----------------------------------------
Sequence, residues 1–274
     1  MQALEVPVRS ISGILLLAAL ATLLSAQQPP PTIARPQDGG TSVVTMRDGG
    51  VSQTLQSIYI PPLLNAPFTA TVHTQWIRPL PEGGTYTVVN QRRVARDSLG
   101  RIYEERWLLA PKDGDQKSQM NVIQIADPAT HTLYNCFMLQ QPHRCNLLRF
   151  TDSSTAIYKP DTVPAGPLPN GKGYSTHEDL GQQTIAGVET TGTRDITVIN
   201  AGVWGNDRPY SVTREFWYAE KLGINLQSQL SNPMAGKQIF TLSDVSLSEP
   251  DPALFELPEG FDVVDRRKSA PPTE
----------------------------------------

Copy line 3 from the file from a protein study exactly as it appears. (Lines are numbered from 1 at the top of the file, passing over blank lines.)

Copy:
    51  VSQTLQSIYI PPLLNAPFTA TVHTQWIRPL PEGGTYTVVN QRRVARDSLG